Valley Hospital is screening blood for lung malignancy
Following is an article published in ‘The Record’ on Thursday 25 June 2015, in Hackensack , NJ – USA, regarding Sri Lankan Dr. G.A.P. Ganepola, Vascular Surgeon and Oncologist, on his latest research on Lung Cancer at the Valley Hospital, New Jersey.
Researchers at The Valley Hospital and a private lab have developed a 6100 test that they hope will someday help to detect early stage lung cancer when it’s most treatable, officials said this week.
If the preliminary findings are replicated in a larger study, oncologists may have a cheaper, less invasive and more accurate test to diagnose the leading cause of cancer deaths in men and women in the nation.
The research focuses on identifying biomarkers – such as a certain protein in the blood – to screen for cancer at the molecular level.
The field of study under way at the Ridgewood hospital and in many other institutions nationwide is known as precision medicine. Researchers hope that it will radically change the way disease is detected, how drugs are developed, and how treatment can be tailored to an individual based on a patient’s genetic makeup to prevent side effects and yield better results.
“It’s detected early so the chemotherapy and radiation can better target the cancer,” said Dr. Ganepola AP. Ganepola, Director of the Centre for Cancer Research and Genomic Medicine at Valley, who developed the blood test with the Wistar Institute, a private lab based in Philadelphia.
Additionally, Ganepola and other Valley researchers are working to create a similar test to diagnose earlystage pancreatic cancer – one of the most lethal cancers, with only one-fifth of patients surviving for a year because the disease is typically diagnosed at the end stage.
With little change in the death rates for pancreatic and some other cancers for a generation, the pursuit of precision medicine offers hope that mortality rates might improve through better diagnostic tools and more personalised treatment strategies, experts say.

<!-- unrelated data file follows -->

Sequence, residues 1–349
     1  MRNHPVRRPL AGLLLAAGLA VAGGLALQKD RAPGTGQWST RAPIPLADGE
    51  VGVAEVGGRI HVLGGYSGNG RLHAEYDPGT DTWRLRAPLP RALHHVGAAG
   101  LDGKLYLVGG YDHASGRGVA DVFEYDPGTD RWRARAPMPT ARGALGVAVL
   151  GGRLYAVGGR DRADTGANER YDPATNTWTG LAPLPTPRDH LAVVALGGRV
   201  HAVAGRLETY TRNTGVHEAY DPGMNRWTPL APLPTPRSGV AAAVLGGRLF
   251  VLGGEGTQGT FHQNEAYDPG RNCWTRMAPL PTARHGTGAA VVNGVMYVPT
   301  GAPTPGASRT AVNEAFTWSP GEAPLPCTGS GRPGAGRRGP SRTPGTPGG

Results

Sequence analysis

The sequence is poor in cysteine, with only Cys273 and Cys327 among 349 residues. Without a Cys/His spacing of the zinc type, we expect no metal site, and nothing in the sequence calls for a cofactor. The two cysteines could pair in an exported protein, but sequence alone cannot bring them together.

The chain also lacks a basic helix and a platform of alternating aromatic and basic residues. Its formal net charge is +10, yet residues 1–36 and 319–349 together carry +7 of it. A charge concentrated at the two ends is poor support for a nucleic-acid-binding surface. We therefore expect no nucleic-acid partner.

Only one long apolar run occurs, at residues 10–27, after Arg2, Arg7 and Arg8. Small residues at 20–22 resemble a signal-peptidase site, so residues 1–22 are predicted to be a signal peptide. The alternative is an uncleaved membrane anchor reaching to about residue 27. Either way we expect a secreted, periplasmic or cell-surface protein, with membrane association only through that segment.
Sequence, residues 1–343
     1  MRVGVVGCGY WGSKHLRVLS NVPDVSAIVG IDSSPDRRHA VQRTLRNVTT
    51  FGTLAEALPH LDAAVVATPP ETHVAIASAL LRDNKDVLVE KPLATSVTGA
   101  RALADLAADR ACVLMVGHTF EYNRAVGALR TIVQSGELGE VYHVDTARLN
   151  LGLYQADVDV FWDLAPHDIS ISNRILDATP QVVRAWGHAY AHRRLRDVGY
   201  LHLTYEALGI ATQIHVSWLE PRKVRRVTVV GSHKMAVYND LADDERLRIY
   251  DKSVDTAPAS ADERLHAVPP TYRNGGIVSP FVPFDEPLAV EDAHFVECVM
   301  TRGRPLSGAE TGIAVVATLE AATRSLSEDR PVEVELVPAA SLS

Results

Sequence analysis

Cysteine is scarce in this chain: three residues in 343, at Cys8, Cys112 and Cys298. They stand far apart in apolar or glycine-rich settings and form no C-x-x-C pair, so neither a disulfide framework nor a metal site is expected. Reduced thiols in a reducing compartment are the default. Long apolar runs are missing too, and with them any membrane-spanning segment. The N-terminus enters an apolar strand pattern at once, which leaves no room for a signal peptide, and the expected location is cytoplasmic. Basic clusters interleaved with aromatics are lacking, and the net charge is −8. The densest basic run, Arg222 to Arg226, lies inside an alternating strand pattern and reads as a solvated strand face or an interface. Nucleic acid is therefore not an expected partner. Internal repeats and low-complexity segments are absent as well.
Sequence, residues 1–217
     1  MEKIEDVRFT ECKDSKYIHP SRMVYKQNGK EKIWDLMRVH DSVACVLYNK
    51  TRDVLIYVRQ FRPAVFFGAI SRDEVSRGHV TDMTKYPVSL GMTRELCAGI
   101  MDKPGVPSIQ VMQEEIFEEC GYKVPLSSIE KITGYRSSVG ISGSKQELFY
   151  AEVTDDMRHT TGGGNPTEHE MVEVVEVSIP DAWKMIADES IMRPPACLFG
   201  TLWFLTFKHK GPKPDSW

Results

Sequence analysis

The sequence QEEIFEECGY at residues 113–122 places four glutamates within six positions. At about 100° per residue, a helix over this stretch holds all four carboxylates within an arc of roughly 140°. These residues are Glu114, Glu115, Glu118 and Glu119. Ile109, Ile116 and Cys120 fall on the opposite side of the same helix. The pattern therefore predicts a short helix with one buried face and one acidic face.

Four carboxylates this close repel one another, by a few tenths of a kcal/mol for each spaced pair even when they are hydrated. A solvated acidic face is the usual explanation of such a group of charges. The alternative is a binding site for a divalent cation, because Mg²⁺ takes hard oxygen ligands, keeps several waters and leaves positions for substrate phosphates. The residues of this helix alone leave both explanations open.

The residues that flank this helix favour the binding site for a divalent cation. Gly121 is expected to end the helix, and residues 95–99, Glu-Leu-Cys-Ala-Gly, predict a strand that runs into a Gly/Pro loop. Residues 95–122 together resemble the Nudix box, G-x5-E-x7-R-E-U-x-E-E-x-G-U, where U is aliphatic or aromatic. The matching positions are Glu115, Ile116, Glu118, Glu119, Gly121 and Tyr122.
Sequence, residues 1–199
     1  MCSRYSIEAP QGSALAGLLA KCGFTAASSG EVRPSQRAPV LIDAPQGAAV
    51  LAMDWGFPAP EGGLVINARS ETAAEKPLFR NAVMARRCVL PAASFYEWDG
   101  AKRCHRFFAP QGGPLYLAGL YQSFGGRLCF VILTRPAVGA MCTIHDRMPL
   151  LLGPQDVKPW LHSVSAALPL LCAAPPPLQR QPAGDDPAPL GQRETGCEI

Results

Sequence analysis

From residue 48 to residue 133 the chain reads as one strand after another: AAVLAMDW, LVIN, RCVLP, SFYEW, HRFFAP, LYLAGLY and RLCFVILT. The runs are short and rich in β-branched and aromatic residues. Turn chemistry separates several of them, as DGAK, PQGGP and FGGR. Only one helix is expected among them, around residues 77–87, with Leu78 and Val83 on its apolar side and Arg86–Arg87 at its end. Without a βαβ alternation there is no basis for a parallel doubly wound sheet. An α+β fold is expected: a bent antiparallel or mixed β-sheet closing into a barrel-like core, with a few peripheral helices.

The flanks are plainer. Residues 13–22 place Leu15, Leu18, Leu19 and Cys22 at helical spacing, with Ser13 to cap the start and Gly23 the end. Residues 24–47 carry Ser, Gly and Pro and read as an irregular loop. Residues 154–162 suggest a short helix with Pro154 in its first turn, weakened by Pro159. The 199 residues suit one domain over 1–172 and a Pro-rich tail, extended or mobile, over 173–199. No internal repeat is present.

President Obama announced a $215 million plan this year to create a national study group of 1 million people who would be tracked by the National Institutes of Health to improve understanding of cancer and other diseases and develop new treatments.
140 clinical trials
The research at Valley, started several years ago, continues at the Bolger Medical Arts Building in Paramus, which was dedicated last week and is home to the Okonite Research Center and the Valley Medical Group’s cardiac surgery program. The Linwood Avenue site previously housed Community Blood Services.
A total of 140 clinical trials are under way at Valley to explore new devices to improve cardiac treatment and to discover drugs to better target heart disease, cancer and strokes. Valley was one of two sites in the state last year to implant a pacemaker one-tenth the size of a conventional device – about the size of a vitamin – which is now going through the Food and Drug Administration’s approval process.
Valley is also one of several North Jersey hospitals pairing with researchers at leading institutions - including the Mount Sinai system, which includes seven hospitals and the Icahn School of Medicine - to participate in larger trials sponsored by the National Institutes of Health, said Sonia Kleiner-Arje, Director of Research at the Okonite Centre.